In May last year, the Commonwealth Government announced that it would introduce an overarching Consumer Data Right (CDR), starting in the banking sector with the phased implementation of ‘Open Banking’ from 1 July 2019.
While the starting dates for the CDR have since changed, the ambition of the program remains unaltered, with the Australian Competition and Consumer Commission (ACCC) already engaged in preliminary discussions to extend the CDR beyond banking to the power and telecommunications industries.
So, what is Open Banking/CDR? And what is its potential impact on Authorised Deposit-taking Institutions (ADIs)?
Continue reading “Open Banking and the Consumer Data Right”
In July I attended the Microsoft Inspire 2018 conference in Las Vegas.
The event was pretty impressive, not so much because of its size (and, yes, it was huge), but more so because of the clear and consistent strategy that was evident in everything.
And that strategy has direct relevance to the trajectory of banking software: to the way in which product strategists should be envisioning and architecting banking customer experiences (CXs).
Continue reading “Lego Banking: A modular approach to banking customer experiences”
A little over a year ago I wrote about some of the reasons for consumer dissatisfaction with Apple Pay on Apple Watch.
Last month’s announcement of Apple Watch Series 3 (GPS + Cellular) has the potential to change some of that, so it’s time to revisit the issue. Is Series 3 a game changer for mobile wallets?
Continue reading “Apple Watch Series 3. A game changer for mobile wallets?”
I recently came across a story about an approach to UX testing being used by Wells Fargo which highlights the importance of experimenting with different ways to conduct UX testing.
At one of its downtown San Francisco branches, Wells Fargo has set up an area called ‘Digital Express’. This section of the branch provides customers with a series of tablets demonstrating proposed new new digital banking features/functions. Customers can interact with the prototype solutions and provide quick and direct feedback to the bank, thus allowing the Wells Fargo product development team to ‘…test fast failures in a matter of weeks, rather than months or years’.
It’s an excellent example of the different ways in which UX testing can be conducted.
Continue reading “13 ways to conduct UX testing – and why it’s so important”
The second day of Finovate Spring 2016 provided over 30 presentations on a range of perspectives across digital on-boarding, roboadvice, data analysis and security. As with day 1, a common theme seemed evident: a combination of digital self service + human interaction + artificial intelligence.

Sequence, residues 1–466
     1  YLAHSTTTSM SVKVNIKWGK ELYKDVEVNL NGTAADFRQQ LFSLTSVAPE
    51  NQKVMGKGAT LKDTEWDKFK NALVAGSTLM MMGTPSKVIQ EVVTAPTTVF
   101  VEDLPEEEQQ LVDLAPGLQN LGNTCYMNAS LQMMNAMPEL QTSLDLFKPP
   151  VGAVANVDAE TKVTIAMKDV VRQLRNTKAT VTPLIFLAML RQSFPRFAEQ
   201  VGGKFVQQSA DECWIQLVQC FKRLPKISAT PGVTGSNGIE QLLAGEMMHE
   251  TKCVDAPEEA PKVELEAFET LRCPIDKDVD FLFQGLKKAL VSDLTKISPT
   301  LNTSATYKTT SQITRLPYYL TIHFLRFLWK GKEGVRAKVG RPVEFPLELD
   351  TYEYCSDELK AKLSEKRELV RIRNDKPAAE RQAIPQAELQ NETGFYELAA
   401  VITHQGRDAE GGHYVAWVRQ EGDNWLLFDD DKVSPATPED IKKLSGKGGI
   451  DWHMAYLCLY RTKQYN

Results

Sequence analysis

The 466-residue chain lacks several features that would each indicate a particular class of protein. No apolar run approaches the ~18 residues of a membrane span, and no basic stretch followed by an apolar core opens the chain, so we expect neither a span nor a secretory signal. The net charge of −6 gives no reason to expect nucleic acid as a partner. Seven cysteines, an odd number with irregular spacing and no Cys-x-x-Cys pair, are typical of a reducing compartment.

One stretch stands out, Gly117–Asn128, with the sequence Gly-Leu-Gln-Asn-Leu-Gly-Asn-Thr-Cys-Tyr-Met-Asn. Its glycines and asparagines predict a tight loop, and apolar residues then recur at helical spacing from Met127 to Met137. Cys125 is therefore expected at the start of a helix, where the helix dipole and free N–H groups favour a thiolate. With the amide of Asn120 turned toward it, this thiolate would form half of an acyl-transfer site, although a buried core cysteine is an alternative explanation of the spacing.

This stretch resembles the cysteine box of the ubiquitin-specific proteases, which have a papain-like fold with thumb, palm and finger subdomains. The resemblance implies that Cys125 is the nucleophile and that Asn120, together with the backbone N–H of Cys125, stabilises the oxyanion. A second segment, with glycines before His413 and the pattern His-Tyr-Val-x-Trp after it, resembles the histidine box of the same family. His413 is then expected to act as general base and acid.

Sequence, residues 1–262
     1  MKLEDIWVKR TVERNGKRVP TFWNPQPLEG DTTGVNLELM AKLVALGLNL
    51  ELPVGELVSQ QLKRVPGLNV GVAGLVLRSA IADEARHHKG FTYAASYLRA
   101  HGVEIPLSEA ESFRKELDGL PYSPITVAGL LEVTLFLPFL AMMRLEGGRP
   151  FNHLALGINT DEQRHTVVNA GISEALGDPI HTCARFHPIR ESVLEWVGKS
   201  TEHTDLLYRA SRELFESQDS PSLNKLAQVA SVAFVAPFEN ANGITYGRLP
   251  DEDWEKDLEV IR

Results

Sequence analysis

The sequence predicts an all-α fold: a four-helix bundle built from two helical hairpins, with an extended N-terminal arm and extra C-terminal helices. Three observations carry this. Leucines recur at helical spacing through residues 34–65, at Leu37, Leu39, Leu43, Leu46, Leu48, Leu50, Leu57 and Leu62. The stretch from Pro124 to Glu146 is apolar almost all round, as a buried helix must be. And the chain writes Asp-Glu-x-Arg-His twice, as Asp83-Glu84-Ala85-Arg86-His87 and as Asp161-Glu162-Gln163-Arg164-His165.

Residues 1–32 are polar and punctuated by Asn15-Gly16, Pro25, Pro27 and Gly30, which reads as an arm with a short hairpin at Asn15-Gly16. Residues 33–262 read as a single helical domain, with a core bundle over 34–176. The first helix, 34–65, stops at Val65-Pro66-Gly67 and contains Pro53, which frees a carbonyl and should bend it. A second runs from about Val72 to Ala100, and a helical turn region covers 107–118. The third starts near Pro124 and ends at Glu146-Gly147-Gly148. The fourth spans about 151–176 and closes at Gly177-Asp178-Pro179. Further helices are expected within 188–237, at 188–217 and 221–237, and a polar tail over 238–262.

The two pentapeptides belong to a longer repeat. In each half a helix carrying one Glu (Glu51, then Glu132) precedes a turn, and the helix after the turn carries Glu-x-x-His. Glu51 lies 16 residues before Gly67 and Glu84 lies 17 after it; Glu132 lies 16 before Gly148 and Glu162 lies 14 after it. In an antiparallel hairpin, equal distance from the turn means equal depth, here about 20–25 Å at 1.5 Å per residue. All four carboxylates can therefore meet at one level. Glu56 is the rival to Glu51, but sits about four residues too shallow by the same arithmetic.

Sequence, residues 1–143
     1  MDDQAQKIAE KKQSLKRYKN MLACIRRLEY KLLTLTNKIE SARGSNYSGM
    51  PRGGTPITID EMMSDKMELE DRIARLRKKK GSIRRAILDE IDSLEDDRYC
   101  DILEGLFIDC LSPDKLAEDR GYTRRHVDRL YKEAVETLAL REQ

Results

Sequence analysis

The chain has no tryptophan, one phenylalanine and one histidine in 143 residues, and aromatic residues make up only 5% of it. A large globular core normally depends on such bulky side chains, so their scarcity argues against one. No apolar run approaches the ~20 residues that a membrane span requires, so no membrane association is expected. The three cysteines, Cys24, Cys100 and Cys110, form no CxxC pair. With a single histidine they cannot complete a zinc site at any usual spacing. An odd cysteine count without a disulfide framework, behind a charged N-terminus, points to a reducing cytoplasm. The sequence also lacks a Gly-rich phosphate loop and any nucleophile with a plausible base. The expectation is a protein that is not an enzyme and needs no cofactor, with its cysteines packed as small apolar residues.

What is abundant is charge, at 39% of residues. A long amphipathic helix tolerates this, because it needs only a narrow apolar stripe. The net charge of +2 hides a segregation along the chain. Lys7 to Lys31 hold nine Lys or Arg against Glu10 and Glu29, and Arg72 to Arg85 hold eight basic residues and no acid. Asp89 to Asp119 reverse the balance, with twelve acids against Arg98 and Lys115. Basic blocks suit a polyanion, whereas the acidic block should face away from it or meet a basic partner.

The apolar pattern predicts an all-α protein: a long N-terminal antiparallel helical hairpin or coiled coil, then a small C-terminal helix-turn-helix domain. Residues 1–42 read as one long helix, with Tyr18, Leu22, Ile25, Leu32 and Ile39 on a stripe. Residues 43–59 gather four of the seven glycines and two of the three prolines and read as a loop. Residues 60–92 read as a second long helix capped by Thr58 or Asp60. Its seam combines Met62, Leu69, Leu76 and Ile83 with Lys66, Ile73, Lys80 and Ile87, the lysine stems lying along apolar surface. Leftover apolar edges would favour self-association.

I’ve previously written about a selection of Day 1 presenters; here are a few highlights from Day 2.
Continue reading “Finovate Spring 2016 – Day 2 Highlights”
I’ve just returned from Finovate’s May 2016 Conference in San Jose, where a clear theme emerged: a combination of digital self service + human interaction + artificial intelligence.
From an enormous range of 71 presenters (I think one dropped out) here are a few personal highlights from Day 1.
Continue reading “Finovate Spring 2016 – Day 1 Highlights”
Like many people, I’ve previously come to regard the Apple Watch as ugly, inconvenient and pointless.
Initially I awaited its arrival with interest. I trialed it with enthusiasm to learn how this new bit of hardware might help, and maybe even transform, my life.
But over time I found that I was using it less and less, the usability issues became harder to accommodate and the incessant buzzing on my wrist became more irritating than helpful.
And so, along with many people, I drifted away from its use. It wasn’t a deliberate decision; more a question of losing interest. And so for the last six months my Apple Watch has been relegated to the role of test device for app development.
That’s not to say that there aren’t many people who love their Apple Watch. There are plenty of people who love being so intimately aware of incoming phone calls, upcoming meetings, text messages, driving instructions, etc. And there is a sizable population who like it for its fitness and health benefits.
It’s just that I’m not one of them. I don’t use the fitness monitoring; I’m more irritated than excited by the alerts; and to be honest, I don’t like that it looks less like a a quality time piece and more like a small phone strapped to my wrist. Call me traditional… but it doesn’t help that I don’t like its appearance.
And I’m not alone – the internet is full of people bagging the device – all of which probably accounts for the watch’s apparent low sales volumes.
However, the other day, ANZ launched Apple Pay in Australia (disclosure: I’m an ANZ customer) and I tried out Apple Pay, both on the phone and on the watch: and I think I might be prepared to change my mind.
Continue reading “Can Apple Pay help to save Apple Watch?”